Movement for Good Health – as important now as ever
Normally, the physiotherapy profession’s body, the South African Society of Physiotherapy, celebrates Movement for Good Health around 10 May. But this year, we’re pulling our celebration forward. Because we’re all stuck at home and asking ourselves, how do we keep ourselves from losing condition?
Not a problem. You can – and must – move for good health in your own home.
Formal ‘exercise’ – going to gym, canoeing, running and the like – is good, but science is telling us that regular movement, throughout the day, is, if anything, better. “Our bodies evolved to move all the time, not just in short bursts of strenuous activity,” says Rogier van Bever Donker. “Our ancestors used different muscle groups in constant activity, whether milking cows or ploughing fields or scrubbing clothes on a washboard.” The wonders of modern technology enable us to spend much of our days sitting in front of screens or operating vast machinery at the touch of a joystick or keyboard.
Being stuck at home provides you with a great opportunity to learn how to boost your NEAT, or Non Exercise Activity Thermogenesis – energy expenditure that’s associated with spontaneous movement, not planned physical exercise. It’s also a chance to learn how to do a bit of useful exercise when gyms and running clubs aren’t available.
Don’t forget that exercise and movement are crucial to good health. A body which has regular exercise moving the lymph through the lymphatic system is better equipped to deal with onslaughts by pathogens. COVID-19 strikes the lungs: exercise is vital for lungs that work well and have good capacity.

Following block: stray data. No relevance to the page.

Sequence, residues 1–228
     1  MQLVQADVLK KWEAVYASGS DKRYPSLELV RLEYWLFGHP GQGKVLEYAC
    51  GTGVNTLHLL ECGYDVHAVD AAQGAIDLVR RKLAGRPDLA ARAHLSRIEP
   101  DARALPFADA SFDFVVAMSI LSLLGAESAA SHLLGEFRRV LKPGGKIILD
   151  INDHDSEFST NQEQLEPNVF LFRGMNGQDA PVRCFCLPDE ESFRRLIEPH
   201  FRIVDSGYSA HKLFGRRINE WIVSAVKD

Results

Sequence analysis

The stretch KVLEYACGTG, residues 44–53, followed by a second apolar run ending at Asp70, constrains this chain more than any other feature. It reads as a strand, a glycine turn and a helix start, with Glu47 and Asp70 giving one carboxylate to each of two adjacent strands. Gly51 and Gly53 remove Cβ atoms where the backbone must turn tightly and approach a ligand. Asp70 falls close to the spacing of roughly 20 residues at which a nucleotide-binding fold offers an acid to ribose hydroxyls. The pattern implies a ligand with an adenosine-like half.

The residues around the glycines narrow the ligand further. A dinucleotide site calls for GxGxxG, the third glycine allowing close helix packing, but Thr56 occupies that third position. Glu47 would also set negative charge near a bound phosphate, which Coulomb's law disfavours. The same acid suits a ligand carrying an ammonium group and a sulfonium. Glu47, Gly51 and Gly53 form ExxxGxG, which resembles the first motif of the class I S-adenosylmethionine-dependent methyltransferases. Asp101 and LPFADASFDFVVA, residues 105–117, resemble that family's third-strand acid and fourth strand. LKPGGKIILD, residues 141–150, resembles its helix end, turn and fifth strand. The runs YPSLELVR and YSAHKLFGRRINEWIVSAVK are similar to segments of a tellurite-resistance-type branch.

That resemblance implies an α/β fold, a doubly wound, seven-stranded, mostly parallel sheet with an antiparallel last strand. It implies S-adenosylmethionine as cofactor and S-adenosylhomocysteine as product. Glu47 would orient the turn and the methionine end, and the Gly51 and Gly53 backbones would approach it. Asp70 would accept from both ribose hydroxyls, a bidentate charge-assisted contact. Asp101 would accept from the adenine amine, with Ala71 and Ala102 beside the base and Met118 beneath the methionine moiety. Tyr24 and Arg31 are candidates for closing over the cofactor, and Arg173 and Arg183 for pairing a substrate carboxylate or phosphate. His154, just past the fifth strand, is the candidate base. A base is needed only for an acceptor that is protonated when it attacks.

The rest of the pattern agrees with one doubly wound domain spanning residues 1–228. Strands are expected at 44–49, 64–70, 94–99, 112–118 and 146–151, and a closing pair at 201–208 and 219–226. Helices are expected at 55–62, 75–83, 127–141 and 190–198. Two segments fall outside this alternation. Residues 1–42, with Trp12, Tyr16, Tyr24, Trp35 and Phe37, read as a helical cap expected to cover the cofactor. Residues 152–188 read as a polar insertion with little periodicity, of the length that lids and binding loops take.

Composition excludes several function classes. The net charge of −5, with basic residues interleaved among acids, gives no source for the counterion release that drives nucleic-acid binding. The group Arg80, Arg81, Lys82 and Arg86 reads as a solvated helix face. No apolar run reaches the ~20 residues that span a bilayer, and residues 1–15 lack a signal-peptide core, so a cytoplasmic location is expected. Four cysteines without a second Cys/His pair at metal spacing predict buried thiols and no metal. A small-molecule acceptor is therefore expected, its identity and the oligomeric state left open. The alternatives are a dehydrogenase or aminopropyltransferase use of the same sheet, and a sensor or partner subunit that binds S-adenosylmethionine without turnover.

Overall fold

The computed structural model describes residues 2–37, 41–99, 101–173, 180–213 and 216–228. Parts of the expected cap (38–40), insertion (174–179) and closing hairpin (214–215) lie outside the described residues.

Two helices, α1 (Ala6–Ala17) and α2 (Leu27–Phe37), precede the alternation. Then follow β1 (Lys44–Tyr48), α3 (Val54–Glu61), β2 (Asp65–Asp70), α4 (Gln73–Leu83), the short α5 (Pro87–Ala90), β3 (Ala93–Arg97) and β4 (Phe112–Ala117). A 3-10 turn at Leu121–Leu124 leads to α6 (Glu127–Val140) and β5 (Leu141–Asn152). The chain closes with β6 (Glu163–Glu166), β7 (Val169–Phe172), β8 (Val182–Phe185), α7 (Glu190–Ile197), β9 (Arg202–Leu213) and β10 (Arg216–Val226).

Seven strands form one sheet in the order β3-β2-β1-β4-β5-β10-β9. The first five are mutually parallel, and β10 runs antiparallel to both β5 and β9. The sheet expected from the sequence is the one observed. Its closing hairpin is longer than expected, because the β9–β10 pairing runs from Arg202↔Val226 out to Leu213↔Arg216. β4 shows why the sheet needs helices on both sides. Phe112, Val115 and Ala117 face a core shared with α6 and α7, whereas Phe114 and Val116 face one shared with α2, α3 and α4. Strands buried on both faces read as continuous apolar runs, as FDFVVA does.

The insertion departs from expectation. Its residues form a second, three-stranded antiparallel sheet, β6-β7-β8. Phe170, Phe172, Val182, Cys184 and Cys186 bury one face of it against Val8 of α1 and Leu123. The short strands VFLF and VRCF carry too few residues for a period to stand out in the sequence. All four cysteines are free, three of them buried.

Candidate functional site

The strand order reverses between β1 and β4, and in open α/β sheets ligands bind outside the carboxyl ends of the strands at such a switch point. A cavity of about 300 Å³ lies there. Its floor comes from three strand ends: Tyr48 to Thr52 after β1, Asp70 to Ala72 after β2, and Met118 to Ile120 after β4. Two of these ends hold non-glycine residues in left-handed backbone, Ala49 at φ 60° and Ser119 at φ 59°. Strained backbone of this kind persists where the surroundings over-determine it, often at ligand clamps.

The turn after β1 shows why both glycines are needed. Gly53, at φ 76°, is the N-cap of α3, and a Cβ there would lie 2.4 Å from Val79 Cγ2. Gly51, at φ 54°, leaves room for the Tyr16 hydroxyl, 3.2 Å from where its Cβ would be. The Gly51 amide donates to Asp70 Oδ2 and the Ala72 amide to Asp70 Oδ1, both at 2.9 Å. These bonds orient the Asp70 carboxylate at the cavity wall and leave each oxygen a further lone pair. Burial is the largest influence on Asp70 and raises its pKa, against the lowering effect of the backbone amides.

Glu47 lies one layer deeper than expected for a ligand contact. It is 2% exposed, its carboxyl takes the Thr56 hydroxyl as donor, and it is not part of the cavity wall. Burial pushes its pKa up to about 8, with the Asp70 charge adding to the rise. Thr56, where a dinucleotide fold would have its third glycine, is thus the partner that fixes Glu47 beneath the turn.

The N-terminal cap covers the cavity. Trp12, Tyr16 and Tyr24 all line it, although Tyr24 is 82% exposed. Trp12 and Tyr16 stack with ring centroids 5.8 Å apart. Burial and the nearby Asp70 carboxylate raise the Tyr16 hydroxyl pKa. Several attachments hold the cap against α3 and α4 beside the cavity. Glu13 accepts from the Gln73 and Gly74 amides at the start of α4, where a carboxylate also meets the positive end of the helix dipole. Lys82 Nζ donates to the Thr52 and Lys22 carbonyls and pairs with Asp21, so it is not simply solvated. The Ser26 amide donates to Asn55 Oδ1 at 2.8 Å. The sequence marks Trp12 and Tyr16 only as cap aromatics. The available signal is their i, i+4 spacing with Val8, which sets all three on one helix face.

“Habitual exercise improves immune regulation,” scientists wrote in a review of evidence published in May last year. Those who exercise, who move more, have a reduced risk of illness.
Even small increases in light-intensity physical activity can reduce your risk of poor health, scientists have found – if you add as little as 30 minutes a day, broken up into chunks of ten minutes or even less at a time, if you like.
And home is a great place to do this. Get creative, think of ways to move more. Some of our suggestions:
- Don’t sit for more than 20 minutes at a time. Plan to get up – set your phone to remind you. Walk around the house briskly, outside or inside.
- Or get up and loosen up your neck – turn your head from one side to the other, look down so your chin is pressed into your chest, look as far up as you can aaanndd repeat!
- Use your children as exercise equipment. Swing them over your head to give your arms some exercise; lie down and do push-ups with a small child on your back – a great game which will have them giggling.
- Put on some music and dance. Aim to use your arms, legs and pelvis in the dance, no matter how funny this looks (a good laugh is great therapy, anyway)!
- Find online exercise classes and work up a sweat with them.
- Got kitchen steps? Every time you go in and out of the kitchen door, go up and down the steps five or ten times.
- Work your brain (yes, brains need exercise too!) by implementing time off from screens for crossword puzzles, board games and the like.
- Indulge in some spring-cleaning this autumn – use muscle-power to clean windows and reduce the clothes-mountain in your cupboards. Set stuff aside to donate to communities feeling the pinch.
Celebrate Movement for Good Health Day NOW by getting your blood pumping and boosting your immunity!
For more information, or to find a physiotherapist near you, go to www.saphysio.co.za.Back